Climate: Anticipating Our Future Weather



What should we expect, in terms of our climate? How can we adapt our agriculture, in the coming years? What role will sorghum play in the medium run? To Serge Zaka, Agroclimatology Doctor, one must observe, anticipate, and respond quickly.


Heat and Drought: a Record Summer in Europe

The 2022 summer has been the hottest ever recorded in Europe and China, and the second hottest in North America and Asia1. These weather conditions – which have been disastrous throughout the world, for many crops – are however not likely to improve.

“At a warming rate of 1,5-2°C per year, 2022 will be looked at as a «normal» year, in 2050. In other words, today’s extreme temperatures will be tomorrow’s norm”, Dr. Serge Zaka explains. “Extreme climate events will therefore exceed by far what we have recorded this year.” In the agroclimatologist’s view, it is imperative to think about it today and build an adaptation strategy, both for the medium, and for the long, term. In that sense, several paths exist that are worth exploring, and that can help us prepare tomorrow’s agriculture.

“The 2022 temperatures will be the norm, in the coming years. It is imperative to adapt.” 

Multiple Solutions to Develop in Parallel

1. Create New Varieties 

“The genetics of the existing species can help us develop new and more tolerant varieties. However, one of the factors that hinder that process is lack of time, since it takes seven to ten years for a new variety to enter the market – and that is slow, compared to the global warming rate.”



2. Introducing New Crops

Sorghum, millet… These species are better adapted to the coming climate conditions and as such, they are currently on the rise. “We find ourselves in the midst of a gradual climatic transition, where sorghum becomes ever so relevant”, Serge Zaka explains. Against the backdrop of the current droughts, sorghum production decreases, while corn production plunges.” Sorghum is therefore an important transition plant, especially in extreme environments, as it behaves better on dry and shallower soils.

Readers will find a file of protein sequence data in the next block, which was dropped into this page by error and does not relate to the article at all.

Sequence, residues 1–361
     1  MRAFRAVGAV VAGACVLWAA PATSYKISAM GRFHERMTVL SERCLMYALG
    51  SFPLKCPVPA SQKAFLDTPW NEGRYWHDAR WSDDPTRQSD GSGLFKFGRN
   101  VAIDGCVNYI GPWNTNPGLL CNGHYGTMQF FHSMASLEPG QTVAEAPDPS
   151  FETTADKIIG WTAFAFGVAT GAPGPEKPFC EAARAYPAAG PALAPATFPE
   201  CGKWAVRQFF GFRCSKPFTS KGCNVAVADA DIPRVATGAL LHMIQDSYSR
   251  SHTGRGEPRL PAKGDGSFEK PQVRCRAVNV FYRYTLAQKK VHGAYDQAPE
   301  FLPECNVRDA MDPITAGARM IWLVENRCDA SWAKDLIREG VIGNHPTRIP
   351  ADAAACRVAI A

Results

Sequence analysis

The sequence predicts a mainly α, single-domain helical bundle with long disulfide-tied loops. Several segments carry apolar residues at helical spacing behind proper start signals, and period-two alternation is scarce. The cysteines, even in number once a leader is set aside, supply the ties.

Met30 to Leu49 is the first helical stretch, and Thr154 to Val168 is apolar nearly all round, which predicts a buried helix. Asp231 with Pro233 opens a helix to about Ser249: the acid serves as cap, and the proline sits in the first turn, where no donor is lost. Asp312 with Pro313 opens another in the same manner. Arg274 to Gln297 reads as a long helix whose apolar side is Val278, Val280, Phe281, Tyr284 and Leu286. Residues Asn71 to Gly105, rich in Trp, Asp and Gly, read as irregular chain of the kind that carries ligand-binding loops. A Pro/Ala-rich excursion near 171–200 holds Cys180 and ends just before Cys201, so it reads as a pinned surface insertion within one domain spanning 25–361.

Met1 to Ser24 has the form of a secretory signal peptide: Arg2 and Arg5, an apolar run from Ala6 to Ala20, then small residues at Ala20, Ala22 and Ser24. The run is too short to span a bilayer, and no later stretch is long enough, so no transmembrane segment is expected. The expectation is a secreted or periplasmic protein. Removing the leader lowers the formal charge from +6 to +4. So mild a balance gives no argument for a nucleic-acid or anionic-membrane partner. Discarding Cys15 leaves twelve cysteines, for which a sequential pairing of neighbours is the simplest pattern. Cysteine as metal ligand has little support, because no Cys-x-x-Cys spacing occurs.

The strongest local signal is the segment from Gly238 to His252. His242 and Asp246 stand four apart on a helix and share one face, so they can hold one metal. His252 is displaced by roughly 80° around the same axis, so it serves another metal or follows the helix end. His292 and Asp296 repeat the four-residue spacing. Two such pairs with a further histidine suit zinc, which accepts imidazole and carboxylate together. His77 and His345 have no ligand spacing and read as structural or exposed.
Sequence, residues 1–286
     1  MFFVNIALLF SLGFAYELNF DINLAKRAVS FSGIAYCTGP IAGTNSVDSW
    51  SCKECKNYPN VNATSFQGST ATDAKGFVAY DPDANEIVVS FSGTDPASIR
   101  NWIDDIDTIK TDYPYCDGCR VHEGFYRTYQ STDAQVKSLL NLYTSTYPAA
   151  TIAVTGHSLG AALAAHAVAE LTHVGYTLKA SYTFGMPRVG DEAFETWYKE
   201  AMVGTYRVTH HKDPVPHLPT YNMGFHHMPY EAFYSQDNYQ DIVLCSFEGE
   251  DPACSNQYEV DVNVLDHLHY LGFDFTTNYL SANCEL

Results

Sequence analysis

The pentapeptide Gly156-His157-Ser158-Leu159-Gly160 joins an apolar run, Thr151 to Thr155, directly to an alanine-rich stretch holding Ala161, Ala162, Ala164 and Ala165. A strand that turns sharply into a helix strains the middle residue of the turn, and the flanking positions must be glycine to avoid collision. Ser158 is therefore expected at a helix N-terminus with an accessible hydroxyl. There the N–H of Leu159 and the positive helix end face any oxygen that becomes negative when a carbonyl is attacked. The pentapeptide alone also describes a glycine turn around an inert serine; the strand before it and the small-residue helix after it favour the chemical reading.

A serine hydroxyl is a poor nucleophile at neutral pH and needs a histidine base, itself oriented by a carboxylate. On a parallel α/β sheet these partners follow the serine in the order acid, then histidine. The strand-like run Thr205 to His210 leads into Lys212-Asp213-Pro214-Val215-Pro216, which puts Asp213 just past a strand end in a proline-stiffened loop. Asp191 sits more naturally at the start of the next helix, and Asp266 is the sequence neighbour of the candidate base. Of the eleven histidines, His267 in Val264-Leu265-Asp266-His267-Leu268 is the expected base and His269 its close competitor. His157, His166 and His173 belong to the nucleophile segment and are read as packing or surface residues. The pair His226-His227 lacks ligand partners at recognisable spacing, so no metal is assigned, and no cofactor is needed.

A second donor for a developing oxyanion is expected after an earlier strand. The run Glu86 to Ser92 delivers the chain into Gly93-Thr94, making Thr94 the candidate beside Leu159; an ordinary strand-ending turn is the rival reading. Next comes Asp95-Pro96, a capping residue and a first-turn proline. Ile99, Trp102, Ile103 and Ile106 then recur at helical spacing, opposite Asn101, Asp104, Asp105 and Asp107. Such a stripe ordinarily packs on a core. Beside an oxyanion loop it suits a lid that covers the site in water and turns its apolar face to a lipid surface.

“That said, when water is available, sorghum produces much less than corn. While it is safe to say that thirty years from now, sorghum will produce more than corn in shallow soils, we must work on creating a relationship of complementarity between the two crops in the long term.”


3. Develop Market Outlets

Pour l’agroclimatologue, le travail sur ces « nouvelles » espèces doit s’accompagner d’un développement de leurs filières économiques : « Il faut que l’État puisse investir dans ces nouvelles filières et que les industriels s’en emparent », ajoute Serge Zaka.


“We must develop a long-term complementarity between corn and sorghum.”

4. Encourage Soil Conservation Agriculture

“Soil conservation agriculture will allow for a soil that is more «alive» and can retain more water. In that sense, we can mention extended crop rotations or permanent cover crops, for example.”



5. Invest in Digital Agriculture

“We need to be better managers of our water resources and nitrogen deposits; we need to anticipate and prevent short- and long-term climate hazards. An improved digital agriculture will provide better tools to farmers and help them protect their crops”, Serge Zaka explains. “Today, apps such as «Prevent» by ITK allow one to predict frost and take the necessary actions to prevent production losses.”

“There are several solution possibilities, but there is no single solution that can solve all problems”, the researcher concludes. We must work on all solutions at the same time, in order to secure a transition towards tomorrow’s climate. We must start thinking about it today, not at the eleventh hour, in 2050. These solutions should be developed in the near future, for future generations.”

[1] Source : National Centers for Environmental Information (NCEI), September 14, 2022 (